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History of the browser user-agent string
September 9, 2008 9:31 AM   Subscribe


 
and the article was good
posted by mannequito at 9:38 AM on September 9, 2008 [2 favorites]


The author's got a bit of cause and effect screwed up, and seems to miss the part where MSIE is effectively a successful fork of Mosaic (a consequence of licensing Spyglass, which is a commercialized version of Mosaic), and seems oblivious to whether anybody besides authors of weblog tools ought to give a flying flip about user-agent strings because if you're worried about that level of user agent detection in this day and age to decide what content to deliver to a desktop web browser you're probably doing it wrong.
posted by ardgedee at 9:44 AM on September 9, 2008 [1 favorite]


And.
posted by Dr-Baa at 10:15 AM on September 9, 2008


Good article, but horrible misuse of the "batshitinsane" tag.
posted by Electrius at 10:28 AM on September 9, 2008


They forgot Lynx.
posted by quin at 10:29 AM on September 9, 2008 [1 favorite]


w3m kings
of orient are

posted by cortex at 10:48 AM on September 9, 2008 [5 favorites]


ardgedee: "...seems oblivious to whether anybody besides authors of weblog tools ought to give a flying flip about user-agent strings because if you're worried about that level of user agent detection in this day and age to decide what content to deliver to a desktop web browser you're probably doing it wrong."

Plutor's immutable law of web development: Most web developers are doing it wrong

Corollary 1: The developers who are doing it right suffer as a result.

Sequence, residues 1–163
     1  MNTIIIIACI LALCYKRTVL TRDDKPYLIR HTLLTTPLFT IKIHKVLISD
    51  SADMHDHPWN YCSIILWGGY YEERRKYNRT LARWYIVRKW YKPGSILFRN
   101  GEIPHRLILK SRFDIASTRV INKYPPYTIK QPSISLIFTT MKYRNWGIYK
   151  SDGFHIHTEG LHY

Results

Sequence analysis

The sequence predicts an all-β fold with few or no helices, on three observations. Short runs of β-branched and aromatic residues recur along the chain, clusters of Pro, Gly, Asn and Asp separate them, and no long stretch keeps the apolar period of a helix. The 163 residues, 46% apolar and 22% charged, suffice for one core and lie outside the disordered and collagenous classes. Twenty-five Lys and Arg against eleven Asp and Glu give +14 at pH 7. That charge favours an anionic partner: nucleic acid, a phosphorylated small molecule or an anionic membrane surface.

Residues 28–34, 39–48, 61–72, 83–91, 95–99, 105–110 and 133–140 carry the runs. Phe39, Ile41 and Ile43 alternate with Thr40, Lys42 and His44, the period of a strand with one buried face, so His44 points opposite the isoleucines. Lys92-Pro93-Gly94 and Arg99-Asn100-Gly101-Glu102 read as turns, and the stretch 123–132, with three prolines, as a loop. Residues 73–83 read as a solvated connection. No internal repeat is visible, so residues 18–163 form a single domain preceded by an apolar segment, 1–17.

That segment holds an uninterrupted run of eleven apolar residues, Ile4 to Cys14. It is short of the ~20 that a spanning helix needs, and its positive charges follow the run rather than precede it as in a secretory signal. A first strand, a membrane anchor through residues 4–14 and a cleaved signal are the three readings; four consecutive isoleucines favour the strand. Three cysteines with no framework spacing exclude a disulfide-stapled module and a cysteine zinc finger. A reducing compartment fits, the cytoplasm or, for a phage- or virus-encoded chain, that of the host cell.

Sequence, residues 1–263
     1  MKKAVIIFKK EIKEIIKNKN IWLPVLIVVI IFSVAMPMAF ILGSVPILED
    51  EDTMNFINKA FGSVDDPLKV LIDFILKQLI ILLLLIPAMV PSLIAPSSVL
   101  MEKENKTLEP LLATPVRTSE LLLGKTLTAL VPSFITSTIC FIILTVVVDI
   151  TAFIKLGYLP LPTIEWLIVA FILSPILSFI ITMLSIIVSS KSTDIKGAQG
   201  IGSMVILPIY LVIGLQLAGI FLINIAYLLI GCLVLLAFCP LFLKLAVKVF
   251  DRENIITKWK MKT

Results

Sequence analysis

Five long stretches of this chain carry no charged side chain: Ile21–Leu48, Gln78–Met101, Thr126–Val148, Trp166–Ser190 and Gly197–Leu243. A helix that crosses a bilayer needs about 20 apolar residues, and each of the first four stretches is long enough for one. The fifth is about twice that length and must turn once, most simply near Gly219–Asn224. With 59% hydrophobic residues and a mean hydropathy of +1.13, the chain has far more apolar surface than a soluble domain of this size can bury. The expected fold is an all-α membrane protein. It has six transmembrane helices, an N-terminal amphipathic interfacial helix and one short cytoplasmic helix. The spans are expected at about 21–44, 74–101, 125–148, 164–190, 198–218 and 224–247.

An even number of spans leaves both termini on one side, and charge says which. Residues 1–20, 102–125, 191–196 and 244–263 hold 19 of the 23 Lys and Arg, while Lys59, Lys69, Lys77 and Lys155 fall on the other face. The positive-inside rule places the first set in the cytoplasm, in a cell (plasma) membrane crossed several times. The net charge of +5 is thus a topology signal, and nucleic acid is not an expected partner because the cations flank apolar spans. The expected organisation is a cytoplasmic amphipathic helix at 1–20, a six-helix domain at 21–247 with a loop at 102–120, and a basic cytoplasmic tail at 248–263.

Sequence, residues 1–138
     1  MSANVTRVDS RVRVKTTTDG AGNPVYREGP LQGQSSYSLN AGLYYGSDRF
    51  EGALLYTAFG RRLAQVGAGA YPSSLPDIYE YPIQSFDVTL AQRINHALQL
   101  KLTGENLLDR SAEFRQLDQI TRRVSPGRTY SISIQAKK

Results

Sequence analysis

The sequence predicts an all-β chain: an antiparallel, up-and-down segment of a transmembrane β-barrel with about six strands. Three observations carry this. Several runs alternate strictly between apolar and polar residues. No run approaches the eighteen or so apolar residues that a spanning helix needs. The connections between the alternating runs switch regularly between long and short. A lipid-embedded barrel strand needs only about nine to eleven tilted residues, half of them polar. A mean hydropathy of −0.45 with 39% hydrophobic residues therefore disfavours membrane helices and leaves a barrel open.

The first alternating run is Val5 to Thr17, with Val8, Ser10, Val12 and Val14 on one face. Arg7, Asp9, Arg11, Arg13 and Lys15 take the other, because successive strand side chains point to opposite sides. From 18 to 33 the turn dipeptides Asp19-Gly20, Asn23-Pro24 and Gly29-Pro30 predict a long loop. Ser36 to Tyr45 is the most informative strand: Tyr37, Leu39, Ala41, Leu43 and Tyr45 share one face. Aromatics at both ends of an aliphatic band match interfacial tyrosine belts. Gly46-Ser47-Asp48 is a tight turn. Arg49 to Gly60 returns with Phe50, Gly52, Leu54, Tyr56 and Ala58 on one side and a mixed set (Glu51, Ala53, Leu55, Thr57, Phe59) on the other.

Corollary 2: The developers who are doing it wrong don't know they're doing it wrong, and don't care.
posted by Plutor at 10:49 AM on September 9, 2008 [15 favorites]


hahahaha awesome.
posted by bonaldi at 10:50 AM on September 9, 2008


In the future, web pages will be self-rendering. Rather then browser sniffing and all kinds of nonsense, they'll send a simple rendering engine along with their page (which can be cached). You're already starting to see something like this with AIR and silver light, the pages get to render themselves. It wouldn't be too hard to build a java script rendering engine that used the canvas.
posted by delmoi at 11:41 AM on September 9, 2008 [5 favorites]


Can someone explain this in English?
posted by backseatpilot at 11:51 AM on September 9, 2008


Can someone explain this in English?

The web was designed by three year olds; everybody wants what the other person has, and as a result nobody plays nice with each other.
posted by jeffamaphone at 11:54 AM on September 9, 2008


It's basically that scene from Spartacus except for without the heartwarmingness and nobility.